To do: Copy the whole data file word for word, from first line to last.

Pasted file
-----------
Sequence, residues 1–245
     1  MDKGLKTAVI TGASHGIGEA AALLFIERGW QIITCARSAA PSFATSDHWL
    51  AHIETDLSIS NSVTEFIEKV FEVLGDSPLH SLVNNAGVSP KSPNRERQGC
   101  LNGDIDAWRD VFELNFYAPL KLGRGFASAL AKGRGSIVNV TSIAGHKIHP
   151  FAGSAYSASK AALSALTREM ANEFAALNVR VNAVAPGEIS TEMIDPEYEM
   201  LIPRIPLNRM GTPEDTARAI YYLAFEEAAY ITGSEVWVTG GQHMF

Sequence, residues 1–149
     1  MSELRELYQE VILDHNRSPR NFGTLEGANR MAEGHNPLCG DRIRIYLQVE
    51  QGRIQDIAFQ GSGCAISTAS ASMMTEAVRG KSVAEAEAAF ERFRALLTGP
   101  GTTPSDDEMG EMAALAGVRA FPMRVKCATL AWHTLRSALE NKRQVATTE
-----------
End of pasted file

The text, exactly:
Sequence, residues 1–245
     1  MDKGLKTAVI TGASHGIGEA AALLFIERGW QIITCARSAA PSFATSDHWL
    51  AHIETDLSIS NSVTEFIEKV FEVLGDSPLH SLVNNAGVSP KSPNRERQGC
   101  LNGDIDAWRD VFELNFYAPL KLGRGFASAL AKGRGSIVNV TSIAGHKIHP
   151  FAGSAYSASK AALSALTREM ANEFAALNVR VNAVAPGEIS TEMIDPEYEM
   201  LIPRIPLNRM GTPEDTARAI YYLAFEEAAY ITGSEVWVTG GQHMF

Sequence, residues 1–149
     1  MSELRELYQE VILDHNRSPR NFGTLEGANR MAEGHNPLCG DRIRIYLQVE
    51  QGRIQDIAFQ GSGCAISTAS ASMMTEAVRG KSVAEAEAAF ERFRALLTGP
   101  GTTPSDDEMG EMAALAGVRA FPMRVKCATL AWHTLRSALE NKRQVATTE